What is a Compounding Pharmacy?
I get asked this question a lot. In the simplest terms, a compounding pharmacy is a pharmacy that makes medicine on location in the pharmacy. If you would like to know more than a simple definition, I will use the rest of this blog to simplify the complex process of making medications in a pharmacy.
How do you make medicine in a pharmacy?
When explaining the compounding process, I use the analogy of baking a cake. To bake a cake, we must first buy the raw ingredients, measure each ingredient, and follow a recipe to mix and bake the ingredients. Each part of this process is essential for making a great cake. If we don’t have quality ingredients, the cake will turn out bad. If we don’t measure out the ingredients correctly, the cake won’t taste or look right. Lastly, if we don’t follow the recipe perfectly, our cake will be ruined. Compounding pharmacies make medicine similar to baking a cake but in a scientific, precise, and regulated process. We start by buying ingredients called Active Pharmaceutical Ingredients (API’s) from wholesalers, usually in powder form. For example, we can purchase estrogen from our wholesaler, and it will arrive at the pharmacy in pure powder form. We will then follow a calibrated and detailed recipe, called a formula, to measure and create the custom compounded medication.
We don’t just make medication on a pharmacy countertop. Just like a bakery has a specialized room to make cakes, we have a specialized and dedicated room to compound medication. In our compounding room, we have specialized and specific lab equipment. Our lab has equipment like highly sensitive Ohaus Scales, special mixing machines like the Maz Mixer, double HEPA filtered AirClean vent hoods, Unguators, and many other specialized lab equipment. All this expensive equipment is there to ensure the precision and quality of the compounded medication. After about 45 minutes of compounding work using the estrogen API, we will have a new batch of topical estrogen cream made to the exact specifications of the prescribing physician.
Are all compounding pharmacies the same?
No, not all compounding pharmacies are the same because they tend to specialize due to the sheer number and types of compounds they can create. Let’s go back to our bakery example to understand why not all compounding pharmacies are the same. Are all bakeries the same? No, because bakeries can specialize in cakes, breads, cupcakes, retail bakeries, countertop bakeries, food truck bakeries, etc. Similarly, for compounding pharmacies, there are thousands of different compounds we can make. This extensive list of compounds typically can be grouped into two main categories: sterile compounds and non-sterile compounds. Most compounding pharmacies will have a focus or an area of expertise in one of these two broad categories. For most pharmacies, there are simply too many types of compounds to focus on them all effectively. At Pure Life Pharmacy, we specialize in non-sterile compounds such as creams, lozenges, lollipops, troches, gels, capsules, suppositories, tablets, and veterinary chewables (for our special furry friends). All these forms of compounds are forms of medications that will not be inhaled, injected, or dropped in the eye where sterility is mandatory.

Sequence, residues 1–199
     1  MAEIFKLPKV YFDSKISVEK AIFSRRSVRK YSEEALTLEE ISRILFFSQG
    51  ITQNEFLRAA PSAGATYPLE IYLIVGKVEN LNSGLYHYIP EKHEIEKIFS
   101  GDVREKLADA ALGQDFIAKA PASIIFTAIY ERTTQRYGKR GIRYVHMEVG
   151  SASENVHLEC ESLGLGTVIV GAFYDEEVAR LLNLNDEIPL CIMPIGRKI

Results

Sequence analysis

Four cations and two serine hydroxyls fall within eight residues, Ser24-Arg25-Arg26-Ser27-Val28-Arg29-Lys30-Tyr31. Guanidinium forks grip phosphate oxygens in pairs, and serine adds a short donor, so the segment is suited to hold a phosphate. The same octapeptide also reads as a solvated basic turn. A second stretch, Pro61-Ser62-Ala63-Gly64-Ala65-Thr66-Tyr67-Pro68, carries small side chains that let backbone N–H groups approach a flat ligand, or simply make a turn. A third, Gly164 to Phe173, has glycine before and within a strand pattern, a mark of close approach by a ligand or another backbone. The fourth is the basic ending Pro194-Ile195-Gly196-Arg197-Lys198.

What does a compounding pharmacy do?
A compounding pharmacy makes medicine that cannot be found in the market due to a drug shortage or is simply not made by a drug manufacturer.
“Drug shortages can occur for many reasons, including manufacturing and quality problems, delays and discontinuations,” as stated on the FDA website for Drug Shortages. When these shortages happen, physicians will reach out to us to make the medication that is no longer on the shelves of the traditional pharmacy due to short supply.
Another critical role we play in our community is making medications for a patient when the patient requires a personalized medicine that is not manufactured. For example, if a child or an elderly adult cannot swallow a capsule or tablet, they may require the same medication and dose in a liquid form. We will take that same medication and, through a compounding process, convert the medication from a capsule or tablet into a liquid. At Pure Life Pharmacy, we go to great lengths to flavor it to make it more palatable for the patient.
Another common example of a necessary compound would be when a physician decides their patient needs a minimal amount of estrogen and progesterone to feel better. The physician will send us a prescription for the three hormones and inform us of the exact amount of each hormone they would like the patient to have per dose. The physician may also tell us to put the estrogen and progesterone in a troche (a small sublingual) that dissolves under the tongue. Or maybe the physician thinks the patient would do better with a cream instead of a troche and tells us to put these hormones in a cream to be rubbed on the wrists.
Compounding pharmacies are an essential part of any community health system by maintaining the supply of drugs and providing personalized medications for an individual. We have the unique ability to make medication on location to treat patients when there is no available or viable option. People are uniquely made, and our problems may need a personalized medication solution. At Pure Life Pharmacy, we take great pride in providing unavailable medications or customized medical solutions to those in the community who have these unique needs.
Jeffrey O. Hoover is the Founder and Owner of Pure Life Pharmacy. Learn more about Jeffrey.